Rivals.com spent last week in Huntington Beach, Calif., for the Ocean View Tournament of Champions. While there, we were able to see a number of the top players from the West Coast in action. Justin Young breaks down his top five performers from the event.
No one made a bigger individual fingerprint on the Ocean View Tournament of Champions than Holiday, a UCLA-bound guard. He shined from start to finish in every facet of the game.
In his matchup with Demar Derozan, the nation's No. 2 prospect, Holiday was outstanding and seemed to take his already-outstanding game up a notch. Holiday scored whenever he wanted, crashed the boards, made brilliant passes, raised the level of play of his young teammates and defended like a player who suits up for 82 games a season.
In the home stretch in the matchup, Holiday scored at will. Moreover, his defense on Derozan was amazing. Holiday frustrated his opponent and forced his future college rival to take bad shots.
Holiday looked tremendous in every game we saw and continued to prove – as he did all spring and summer – he is one of the elite players in the nation. A state title is the goal for now, he says. The McDonald's All-America game certainly will follow. A chance to shine from Day One awaits at UCLA, and Holiday should not disappoint.
Holiday may have been the top performer in the field, but Derozan was a close second. You could even argue that he was 1B as far as the top performers go.
Derozan, a 6-foot-5 super athlete, averaged more than 35 points per game over a five-game stretch. He had moments of brilliance, channeling athleticism rivaling players like NBA standout Josh Smith.
Despite his high national ranking, Derozan still has work to do. His offense is primarily 3-pointers and playing at the rim. Compton's style of play isn't as organized as Holiday's team, which left Derozan standing around more times than he should. When he was aggressive, he was productive.
The most noticeable change is his body. He has great size for his position, incredible springs and an ability to get to the foul line.
Holiday was the better player last week, but he and Derozan project to be tremendous talents at the next level. That is where Derozan should be let loose, and his game certainly will expand and improve.
Those in the West who cover high school hoops said before the event that Thompson would be the biggest surprise. They were right. Not only did he surprise us, he was the most consistent and versatile player other than Holiday.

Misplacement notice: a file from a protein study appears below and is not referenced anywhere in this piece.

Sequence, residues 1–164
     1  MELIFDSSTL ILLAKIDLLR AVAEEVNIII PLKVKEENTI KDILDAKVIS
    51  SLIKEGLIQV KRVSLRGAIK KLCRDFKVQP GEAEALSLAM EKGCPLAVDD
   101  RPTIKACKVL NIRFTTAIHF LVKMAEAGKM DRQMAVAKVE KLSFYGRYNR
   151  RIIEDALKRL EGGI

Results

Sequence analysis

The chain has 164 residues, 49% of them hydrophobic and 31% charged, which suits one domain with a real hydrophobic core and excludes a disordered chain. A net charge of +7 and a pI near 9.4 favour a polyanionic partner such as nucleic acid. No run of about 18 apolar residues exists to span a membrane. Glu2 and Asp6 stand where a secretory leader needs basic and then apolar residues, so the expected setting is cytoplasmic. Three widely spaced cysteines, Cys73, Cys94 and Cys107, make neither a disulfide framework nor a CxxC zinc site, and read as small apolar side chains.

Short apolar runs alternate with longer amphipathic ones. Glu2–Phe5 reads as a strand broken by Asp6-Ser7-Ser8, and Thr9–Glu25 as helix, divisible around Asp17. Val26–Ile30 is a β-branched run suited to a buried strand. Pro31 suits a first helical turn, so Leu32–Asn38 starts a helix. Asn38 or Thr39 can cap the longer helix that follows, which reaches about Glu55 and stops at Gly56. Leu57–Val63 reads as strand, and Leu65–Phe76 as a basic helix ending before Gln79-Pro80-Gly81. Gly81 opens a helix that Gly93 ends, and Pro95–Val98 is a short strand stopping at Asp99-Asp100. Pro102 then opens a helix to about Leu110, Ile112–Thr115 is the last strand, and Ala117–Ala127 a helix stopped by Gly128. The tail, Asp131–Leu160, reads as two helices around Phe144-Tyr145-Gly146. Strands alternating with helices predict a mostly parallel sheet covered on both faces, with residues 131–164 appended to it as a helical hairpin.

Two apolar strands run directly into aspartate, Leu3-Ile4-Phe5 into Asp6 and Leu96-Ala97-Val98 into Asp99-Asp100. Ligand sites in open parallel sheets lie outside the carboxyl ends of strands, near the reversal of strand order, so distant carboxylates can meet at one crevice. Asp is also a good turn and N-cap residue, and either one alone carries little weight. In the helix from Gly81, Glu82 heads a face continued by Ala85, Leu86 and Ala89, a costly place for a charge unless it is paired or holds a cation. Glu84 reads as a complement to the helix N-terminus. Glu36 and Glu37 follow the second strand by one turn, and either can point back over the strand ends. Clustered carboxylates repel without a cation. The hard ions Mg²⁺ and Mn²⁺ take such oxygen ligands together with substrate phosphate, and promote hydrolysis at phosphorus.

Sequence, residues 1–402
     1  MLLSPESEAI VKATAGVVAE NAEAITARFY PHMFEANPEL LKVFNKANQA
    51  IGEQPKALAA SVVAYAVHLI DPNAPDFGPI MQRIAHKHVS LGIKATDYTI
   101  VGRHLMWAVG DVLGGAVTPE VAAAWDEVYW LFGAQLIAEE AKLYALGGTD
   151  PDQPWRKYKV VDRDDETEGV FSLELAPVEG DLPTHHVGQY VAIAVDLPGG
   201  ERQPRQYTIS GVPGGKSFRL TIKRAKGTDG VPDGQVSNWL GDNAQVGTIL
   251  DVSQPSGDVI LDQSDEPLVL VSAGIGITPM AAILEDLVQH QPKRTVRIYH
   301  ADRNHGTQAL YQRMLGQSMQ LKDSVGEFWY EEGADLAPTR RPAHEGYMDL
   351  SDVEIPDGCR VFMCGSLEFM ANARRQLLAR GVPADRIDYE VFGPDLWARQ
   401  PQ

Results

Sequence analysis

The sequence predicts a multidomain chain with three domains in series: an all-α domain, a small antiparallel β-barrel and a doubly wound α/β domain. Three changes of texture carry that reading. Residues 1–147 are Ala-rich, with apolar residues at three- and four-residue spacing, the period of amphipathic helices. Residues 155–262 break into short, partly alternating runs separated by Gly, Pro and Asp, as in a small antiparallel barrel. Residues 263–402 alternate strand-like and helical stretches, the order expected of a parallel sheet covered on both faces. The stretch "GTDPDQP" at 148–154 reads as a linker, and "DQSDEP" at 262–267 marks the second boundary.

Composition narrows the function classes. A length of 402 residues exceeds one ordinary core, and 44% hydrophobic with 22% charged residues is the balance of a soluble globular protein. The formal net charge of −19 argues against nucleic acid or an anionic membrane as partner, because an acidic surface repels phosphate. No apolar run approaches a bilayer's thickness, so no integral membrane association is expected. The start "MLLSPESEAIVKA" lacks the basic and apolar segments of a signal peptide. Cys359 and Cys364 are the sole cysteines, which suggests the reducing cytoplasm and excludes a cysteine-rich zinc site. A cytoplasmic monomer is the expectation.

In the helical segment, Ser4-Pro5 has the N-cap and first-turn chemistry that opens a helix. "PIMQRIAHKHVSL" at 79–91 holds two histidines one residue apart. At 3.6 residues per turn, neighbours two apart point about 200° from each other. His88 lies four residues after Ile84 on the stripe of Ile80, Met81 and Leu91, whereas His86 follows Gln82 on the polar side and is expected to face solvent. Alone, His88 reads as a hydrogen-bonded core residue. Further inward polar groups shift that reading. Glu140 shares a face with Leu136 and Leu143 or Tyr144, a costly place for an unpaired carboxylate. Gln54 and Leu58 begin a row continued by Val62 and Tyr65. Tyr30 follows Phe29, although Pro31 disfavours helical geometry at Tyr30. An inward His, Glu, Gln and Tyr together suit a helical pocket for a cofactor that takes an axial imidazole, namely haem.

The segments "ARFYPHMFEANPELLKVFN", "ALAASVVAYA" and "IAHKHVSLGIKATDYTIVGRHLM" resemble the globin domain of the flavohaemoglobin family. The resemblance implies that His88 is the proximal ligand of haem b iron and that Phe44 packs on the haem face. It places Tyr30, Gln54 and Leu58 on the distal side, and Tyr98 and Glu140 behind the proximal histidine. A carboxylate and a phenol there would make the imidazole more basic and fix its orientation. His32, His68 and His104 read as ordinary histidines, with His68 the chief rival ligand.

Thompson proved himself as a scorer, particularly on the wing, with a great-looking pull-up jumper. His basketball smarts make up for his average athleticism, much like Florida freshman Nick Calathes.
Thompson went for 30-plus points both times we saw him, and he made it look easy. But it was his passing skills that were most impressive. He's an unselfish player on a team full of smart players who play with an unselfish spirit.
Washington State has a good one, and Thompson certainly looks like the crown jewel in a solid five-player class heading to Pullman next season. Thompson has a chance to make his debut in the next Rivals150.
Individually, the UCLA-bound guard has as much of an impact on the game as anyone in the field. But Lee just didn't have the help around him to make his hard work and effort turn into big wins.
Lee had to do everything for his club. He had no problems scoring. Because of his lengthy strides to the basket and sprinter's speed, Lee got to the hoop whenever he wanted. He scored when he got there with a pretty floater or a powerful two-handed dunk.
Finding his teammates around the basket wasn't a problem, either. But his teammates' inability to finish at close range was a problem. Had they been able to do so, Lee easily would've had a double-double each game with points and assists.
The potential of UCLA's backcourt next season and beyond with Lee, Holiday and Jerime Anderson is tremendous. If Holiday decides to leave for the NBA after one season, Lee has a chance to have a huge impact on the Bruins' program.
Noticeably taller than we remembered from the summer, Woolridge was a matchup problem for opponents. Now at a legit 6-8, the Tennessee-bound forward had no trouble shooting over the top of zones.
Woolridge is a smart passer and looked good in a high-low type offense, finding players on the blocks for buckets. When he wanted to play inside, he was also effective. However, he did anchor himself out on the wing quite often, limiting his ability to crash the boards.
Woolridge is a versatile player who still has an interesting upside. His production at the TOC was impressive.